Do you listen to any other podcasts regularly?

Predictably enough I listen to Bigmouth! I was on one of the first episodes; Andrew Harrison has given me some dates to do others but they’re always on the one day I can’t do. I’d love to do it again, it’s in a proper studio and feels very professional. It’s always the day I have to be at the Radio Times. I’ve been running the film section there since 2000 and it’s completely different to every other magazine I’ve ever worked on. It’s huge and there’s so much to process. The subs are people that tend to have been there for a long time because it’s a proper skill and you need a certain mind-set. You have to get every listing right and there are so many channels now. There’s a lot of  information in there, apart from all the features. They’re the glamorous pieces at the front of the magazine and the film section is halfway between the two. We pick out certain films to write about and I get to choose a ‘Film of the day’ which I tend to write quite fast, there’s no time for inspiration. The main skills you need are over-confidence and punctuality both of which I believe I have. I have a humble view of my talents but they’re good ones; doing something to order, spell-checking, reading over it at least once and trying to be amenable if you’re there in person. Everyone else is there working their arses off to get the magazine out so you can’t come in and be like Oscar Wilde. You come in, sit down and get on with it. I don’t mind bashing it out because if you also read it back then that’s not bashing it out. I would never name them but…there would occasionally be a piece in Q magazine written by people of a certain level, named writers, and as features editor you’d sometimes get a feature which looked like someone had started writing it, put a couple of quotes in and think it was done. I’d get furious and think ‘You got where you are by working hard and gaining a reputation, don’t piss it away now.’ One I can mention is Tom Hibbert, a brilliant example of individual talent who I only got to work with for a few years because he was in a bit of a decline. When he was in his pomp, doing his ‘Who The Hell…?’ pieces, no-one else could compete. His legacy was sealed by that point and by the time I got there he was still doing it. His copy would come in, not quite crayons on sheets of A4 but pretty raw. There was brilliance in it but as an editor you had to shape it. That was quite easy with Who The Hell…?’ as it had quite a straightforward structure with quotes in it. There’s only so much madness he could get into it, most of it came from his interview technique –which was just to shut up. He’d have Jimmy Saville or someone, ask them a question and then sit there. Once they’d answered it he’d keep nodding, waiting for them to say something else. It‘s a brilliant strategy but it takes a bit of nerve. I’m not sure I’d be very good at; in fact I’d be shit at it, I’d start talking immediately if someone wasn’t saying anything. Anyway, a piece came in from Tom, a think-piece about The Eagles. There was some reunion and we didn’t have an interview so we thought we’d get Tom to write something about them instead.  When the copy came in it wasn’t quite a stream of consciousness but you couldn’t just ring Tom up and get him to change a few bits and I needed the thing on the page. So, as Features Editor, I just plucked the Omnibus book on The Eagles off the bookshelf and went through it. I looked at Tom’s piece again just adding in names of band members and some facts. It read well on the page, plenty of Tom in it but it was also factually correct. I felt like I’d been a conduit for the unbottleable spirit! You can’t have too many unbottleable spirits on a magazine, not when there’s a deadline but you probably could on a website. I love the idea that I got to edit someone like Tom Hibbert.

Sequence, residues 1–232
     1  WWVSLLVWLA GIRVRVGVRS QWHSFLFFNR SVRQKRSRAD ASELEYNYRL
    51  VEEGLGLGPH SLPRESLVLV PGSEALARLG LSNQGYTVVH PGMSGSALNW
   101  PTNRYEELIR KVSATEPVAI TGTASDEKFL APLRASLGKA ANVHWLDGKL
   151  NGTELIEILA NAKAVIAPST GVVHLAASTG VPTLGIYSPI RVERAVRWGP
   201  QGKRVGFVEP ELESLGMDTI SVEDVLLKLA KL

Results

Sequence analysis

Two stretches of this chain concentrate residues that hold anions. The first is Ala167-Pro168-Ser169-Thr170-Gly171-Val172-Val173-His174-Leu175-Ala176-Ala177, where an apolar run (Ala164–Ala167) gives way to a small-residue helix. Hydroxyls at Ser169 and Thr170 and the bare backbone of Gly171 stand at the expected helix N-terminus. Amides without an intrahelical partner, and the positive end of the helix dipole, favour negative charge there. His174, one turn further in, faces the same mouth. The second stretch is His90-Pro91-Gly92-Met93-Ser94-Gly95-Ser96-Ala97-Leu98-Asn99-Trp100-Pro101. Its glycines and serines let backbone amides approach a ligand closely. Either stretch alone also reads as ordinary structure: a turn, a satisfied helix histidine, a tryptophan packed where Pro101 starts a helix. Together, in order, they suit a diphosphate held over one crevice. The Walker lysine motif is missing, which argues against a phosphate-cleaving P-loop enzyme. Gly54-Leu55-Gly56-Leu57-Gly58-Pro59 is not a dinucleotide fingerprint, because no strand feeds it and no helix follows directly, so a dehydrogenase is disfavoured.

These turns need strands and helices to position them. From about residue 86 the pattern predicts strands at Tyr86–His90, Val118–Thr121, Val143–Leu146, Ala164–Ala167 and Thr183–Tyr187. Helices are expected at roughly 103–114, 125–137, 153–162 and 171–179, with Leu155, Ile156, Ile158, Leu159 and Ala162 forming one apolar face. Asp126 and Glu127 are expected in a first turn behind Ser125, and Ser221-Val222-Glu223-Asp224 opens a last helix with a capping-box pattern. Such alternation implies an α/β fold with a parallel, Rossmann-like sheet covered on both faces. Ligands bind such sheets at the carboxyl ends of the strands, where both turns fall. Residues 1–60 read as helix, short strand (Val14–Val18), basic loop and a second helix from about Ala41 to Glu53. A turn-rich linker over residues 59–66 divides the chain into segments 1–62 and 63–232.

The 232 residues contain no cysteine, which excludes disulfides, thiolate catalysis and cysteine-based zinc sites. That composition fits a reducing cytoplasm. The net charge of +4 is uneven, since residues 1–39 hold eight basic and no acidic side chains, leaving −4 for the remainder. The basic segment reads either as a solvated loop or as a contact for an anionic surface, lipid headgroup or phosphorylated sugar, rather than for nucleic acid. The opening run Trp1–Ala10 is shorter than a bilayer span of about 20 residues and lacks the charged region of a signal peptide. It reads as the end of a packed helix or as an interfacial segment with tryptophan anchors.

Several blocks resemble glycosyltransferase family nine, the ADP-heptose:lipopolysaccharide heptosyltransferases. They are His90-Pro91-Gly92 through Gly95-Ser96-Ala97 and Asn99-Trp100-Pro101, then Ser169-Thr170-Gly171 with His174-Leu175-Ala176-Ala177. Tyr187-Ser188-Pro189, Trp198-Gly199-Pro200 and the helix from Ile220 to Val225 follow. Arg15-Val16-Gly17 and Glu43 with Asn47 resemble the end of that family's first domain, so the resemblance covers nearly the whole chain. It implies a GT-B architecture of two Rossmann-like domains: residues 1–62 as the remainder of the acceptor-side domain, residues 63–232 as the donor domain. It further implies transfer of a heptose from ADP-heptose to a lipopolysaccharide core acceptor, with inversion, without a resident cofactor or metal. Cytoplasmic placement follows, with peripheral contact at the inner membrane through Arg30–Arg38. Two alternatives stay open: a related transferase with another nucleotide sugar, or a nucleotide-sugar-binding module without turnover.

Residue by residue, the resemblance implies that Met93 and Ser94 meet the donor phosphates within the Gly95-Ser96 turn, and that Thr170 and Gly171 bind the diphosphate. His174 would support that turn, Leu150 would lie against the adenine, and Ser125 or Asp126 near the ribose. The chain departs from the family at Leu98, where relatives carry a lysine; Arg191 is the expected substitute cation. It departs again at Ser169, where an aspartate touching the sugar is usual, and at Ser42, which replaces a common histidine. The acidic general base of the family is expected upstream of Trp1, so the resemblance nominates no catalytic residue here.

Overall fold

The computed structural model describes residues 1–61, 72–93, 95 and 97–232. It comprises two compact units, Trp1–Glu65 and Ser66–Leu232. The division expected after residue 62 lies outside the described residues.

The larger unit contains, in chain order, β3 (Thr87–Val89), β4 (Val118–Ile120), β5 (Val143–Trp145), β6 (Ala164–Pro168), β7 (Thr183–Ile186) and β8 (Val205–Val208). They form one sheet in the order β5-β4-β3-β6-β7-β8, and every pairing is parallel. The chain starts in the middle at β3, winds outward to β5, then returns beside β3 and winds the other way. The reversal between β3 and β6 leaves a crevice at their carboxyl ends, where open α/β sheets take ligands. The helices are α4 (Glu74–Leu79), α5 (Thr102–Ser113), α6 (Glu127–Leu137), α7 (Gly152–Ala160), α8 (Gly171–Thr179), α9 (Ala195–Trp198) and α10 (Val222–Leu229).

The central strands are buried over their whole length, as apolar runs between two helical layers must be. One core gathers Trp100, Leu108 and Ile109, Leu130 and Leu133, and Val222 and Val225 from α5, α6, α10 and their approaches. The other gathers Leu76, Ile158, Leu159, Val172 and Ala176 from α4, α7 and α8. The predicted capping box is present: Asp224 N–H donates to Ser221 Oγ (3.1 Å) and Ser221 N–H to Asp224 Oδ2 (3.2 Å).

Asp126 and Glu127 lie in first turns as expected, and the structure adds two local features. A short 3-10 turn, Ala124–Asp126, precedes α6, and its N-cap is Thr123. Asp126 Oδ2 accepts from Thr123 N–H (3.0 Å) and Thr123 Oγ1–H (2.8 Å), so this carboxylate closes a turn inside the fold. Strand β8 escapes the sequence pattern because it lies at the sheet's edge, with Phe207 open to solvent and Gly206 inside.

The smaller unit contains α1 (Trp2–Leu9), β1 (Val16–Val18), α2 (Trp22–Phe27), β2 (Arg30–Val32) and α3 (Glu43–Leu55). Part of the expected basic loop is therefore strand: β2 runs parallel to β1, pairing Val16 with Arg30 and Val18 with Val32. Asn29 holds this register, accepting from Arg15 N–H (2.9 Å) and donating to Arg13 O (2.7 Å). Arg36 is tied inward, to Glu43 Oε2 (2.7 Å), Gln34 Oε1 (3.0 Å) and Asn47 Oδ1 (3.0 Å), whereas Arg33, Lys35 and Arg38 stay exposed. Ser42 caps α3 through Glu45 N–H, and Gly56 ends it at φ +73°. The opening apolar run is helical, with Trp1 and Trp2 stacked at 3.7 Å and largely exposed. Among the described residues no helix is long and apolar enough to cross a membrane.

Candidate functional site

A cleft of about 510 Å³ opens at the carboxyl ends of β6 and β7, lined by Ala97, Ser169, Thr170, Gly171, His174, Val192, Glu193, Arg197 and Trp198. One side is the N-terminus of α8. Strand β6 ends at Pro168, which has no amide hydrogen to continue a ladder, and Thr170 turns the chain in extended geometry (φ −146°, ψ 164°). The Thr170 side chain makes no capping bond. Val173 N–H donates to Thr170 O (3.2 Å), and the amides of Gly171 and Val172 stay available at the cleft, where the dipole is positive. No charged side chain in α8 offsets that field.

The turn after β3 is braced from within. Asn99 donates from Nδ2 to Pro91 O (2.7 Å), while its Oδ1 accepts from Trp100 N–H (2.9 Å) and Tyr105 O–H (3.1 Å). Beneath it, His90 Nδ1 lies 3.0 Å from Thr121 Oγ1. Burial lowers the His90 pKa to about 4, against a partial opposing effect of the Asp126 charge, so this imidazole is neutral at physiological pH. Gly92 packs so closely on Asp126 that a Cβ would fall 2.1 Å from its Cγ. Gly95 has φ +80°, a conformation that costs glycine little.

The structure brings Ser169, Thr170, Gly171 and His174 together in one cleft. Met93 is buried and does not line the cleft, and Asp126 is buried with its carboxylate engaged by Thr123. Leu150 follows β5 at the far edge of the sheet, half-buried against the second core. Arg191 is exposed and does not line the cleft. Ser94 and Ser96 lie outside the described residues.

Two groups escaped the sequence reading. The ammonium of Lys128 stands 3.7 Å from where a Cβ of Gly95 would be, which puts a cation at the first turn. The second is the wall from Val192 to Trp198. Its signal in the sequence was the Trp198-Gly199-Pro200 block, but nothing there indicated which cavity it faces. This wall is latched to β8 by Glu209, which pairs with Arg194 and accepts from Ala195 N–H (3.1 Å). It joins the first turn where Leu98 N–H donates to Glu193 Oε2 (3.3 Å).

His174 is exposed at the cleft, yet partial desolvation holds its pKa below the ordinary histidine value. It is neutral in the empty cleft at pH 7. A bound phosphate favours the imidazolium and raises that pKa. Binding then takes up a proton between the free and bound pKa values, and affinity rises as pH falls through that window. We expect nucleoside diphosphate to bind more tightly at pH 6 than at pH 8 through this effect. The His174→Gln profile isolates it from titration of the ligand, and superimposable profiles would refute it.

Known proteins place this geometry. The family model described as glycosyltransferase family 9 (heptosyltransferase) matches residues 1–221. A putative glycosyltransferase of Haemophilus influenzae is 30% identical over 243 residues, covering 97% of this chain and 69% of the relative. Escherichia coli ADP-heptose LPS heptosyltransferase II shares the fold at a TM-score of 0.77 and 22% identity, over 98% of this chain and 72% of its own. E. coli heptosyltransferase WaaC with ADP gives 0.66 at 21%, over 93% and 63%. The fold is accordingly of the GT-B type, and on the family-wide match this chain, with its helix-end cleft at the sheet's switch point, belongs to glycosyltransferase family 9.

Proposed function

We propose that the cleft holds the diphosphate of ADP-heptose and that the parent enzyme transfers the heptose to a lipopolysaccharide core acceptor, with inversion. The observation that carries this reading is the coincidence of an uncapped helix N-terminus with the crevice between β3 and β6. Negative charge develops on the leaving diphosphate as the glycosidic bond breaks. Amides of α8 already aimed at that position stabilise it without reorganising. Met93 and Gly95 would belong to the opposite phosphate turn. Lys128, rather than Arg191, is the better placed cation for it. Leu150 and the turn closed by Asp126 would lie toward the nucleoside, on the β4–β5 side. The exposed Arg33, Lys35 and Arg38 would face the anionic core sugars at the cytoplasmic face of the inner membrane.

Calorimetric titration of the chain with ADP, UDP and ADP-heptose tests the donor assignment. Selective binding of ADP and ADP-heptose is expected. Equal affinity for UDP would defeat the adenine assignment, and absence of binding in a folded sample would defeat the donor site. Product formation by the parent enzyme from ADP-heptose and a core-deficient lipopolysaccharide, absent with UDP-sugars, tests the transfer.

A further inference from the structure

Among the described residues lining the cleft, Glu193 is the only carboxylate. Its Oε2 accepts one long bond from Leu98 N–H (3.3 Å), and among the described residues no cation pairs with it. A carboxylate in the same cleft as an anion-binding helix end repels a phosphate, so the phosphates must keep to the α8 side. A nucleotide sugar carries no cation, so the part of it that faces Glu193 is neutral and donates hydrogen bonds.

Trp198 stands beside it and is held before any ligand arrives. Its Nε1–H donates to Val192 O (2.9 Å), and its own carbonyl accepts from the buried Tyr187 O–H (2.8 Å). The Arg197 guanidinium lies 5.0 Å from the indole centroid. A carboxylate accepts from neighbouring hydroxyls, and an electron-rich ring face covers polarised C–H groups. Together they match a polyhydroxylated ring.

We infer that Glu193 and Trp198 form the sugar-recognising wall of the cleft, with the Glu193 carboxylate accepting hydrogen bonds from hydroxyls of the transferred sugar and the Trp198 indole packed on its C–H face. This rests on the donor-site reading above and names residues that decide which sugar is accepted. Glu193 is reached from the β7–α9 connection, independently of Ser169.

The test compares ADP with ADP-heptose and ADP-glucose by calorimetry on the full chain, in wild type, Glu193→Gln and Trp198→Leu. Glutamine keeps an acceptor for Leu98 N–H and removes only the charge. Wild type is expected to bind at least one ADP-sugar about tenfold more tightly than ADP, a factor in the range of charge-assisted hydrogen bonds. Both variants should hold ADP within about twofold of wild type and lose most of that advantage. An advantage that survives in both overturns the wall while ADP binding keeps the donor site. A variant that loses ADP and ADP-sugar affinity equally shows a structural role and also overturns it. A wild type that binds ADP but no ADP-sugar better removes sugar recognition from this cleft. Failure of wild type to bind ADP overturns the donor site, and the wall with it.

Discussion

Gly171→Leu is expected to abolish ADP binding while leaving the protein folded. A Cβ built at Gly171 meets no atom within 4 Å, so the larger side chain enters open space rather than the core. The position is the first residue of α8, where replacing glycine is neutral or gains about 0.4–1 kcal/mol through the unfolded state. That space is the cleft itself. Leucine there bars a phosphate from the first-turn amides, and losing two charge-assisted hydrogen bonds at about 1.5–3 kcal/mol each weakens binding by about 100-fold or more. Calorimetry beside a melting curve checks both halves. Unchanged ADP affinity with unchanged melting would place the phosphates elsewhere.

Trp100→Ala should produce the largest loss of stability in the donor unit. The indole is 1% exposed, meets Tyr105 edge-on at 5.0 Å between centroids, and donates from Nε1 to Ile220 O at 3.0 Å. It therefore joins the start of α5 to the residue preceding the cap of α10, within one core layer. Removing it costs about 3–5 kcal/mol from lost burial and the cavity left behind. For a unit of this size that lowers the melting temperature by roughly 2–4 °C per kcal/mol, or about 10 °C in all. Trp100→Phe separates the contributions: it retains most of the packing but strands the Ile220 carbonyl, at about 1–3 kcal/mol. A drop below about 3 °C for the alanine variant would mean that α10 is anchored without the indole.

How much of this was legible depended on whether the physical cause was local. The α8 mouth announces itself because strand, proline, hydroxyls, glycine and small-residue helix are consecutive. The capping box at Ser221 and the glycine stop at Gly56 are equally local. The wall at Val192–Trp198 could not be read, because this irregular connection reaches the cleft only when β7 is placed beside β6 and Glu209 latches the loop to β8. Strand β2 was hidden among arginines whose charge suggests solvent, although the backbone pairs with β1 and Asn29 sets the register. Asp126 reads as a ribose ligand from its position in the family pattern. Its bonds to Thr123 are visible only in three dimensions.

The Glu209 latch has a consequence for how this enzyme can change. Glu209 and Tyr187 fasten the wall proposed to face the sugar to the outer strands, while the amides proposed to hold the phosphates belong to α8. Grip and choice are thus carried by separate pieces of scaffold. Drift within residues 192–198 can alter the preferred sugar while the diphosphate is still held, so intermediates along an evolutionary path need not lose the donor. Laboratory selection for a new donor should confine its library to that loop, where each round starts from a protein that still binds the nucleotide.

Sometimes you’d get poor copy from a name writer who wasn’t an unbottleable spirit, just a writer who was very good and you’d think ‘Just read it back!’ So even there, there were people who were coasting a bit. I never felt that at The Word. I’d pitch three or four ideas to Mark every month, usually in an email and he’d pick the one he liked. He’d often say “No, I’m not sure about that, that’s not going to work. Have another think.”  That was fine though because no magazine should be a free pass, you should earn your place as a contributor.


I recently met Billy Bragg at The Green Man music festival and asked him for a question for you. He told me to ask you when you’re writing another rock biography. (Andrew had written Billy’s biography ‘Still Suitable For Miners’)

All the stars were in alignment when I was asked to write the book. I’d been a fan of his before I was even a journalist. I was at the NME around the time of his album Don’t Try This At Home. It was bold, a pop record and I’d have loved it whether I was writing about him or not. I was Features Editor then and had the video for the single Sexuality, directed by Phil Jupitus. Go Discs, his record label, sent it to me knowing I was sympathetic and in a position of some power. I took it in to Danny Kelly and said, “You’ve got to watch this video!” It was a great song and video and I thought it was time for Billy to be back on the cover. I said I’d write it as I was a fan and occasionally I’d give myself a cover feature to write – not that often because it’s a bit naughty. I did the same for My Bloody Valentine when ‘Loveless’ came out. There was no argument so off I went to meet him with my tape recorder. We started the interview on foot, walking along the canal in Camden and ended up in the pub. He’s everything you want; a brilliant interviewee, he’s always got lots to talk about and he’s a great musician. We got on well and he identified me as a fan. When I got to Q, his next album came out and I put myself forward to write a piece, again as Features Editor. We did a series of epiphanies with the headline “Still Suitable For Miners” (I’ve copyrighted that pun!). It was about things that changed his life like joining the army or hearing Dylan for the first time. It was a good Q feature, an artist we all know about but maybe some things in there that we don’t know. He was about 39 at that point.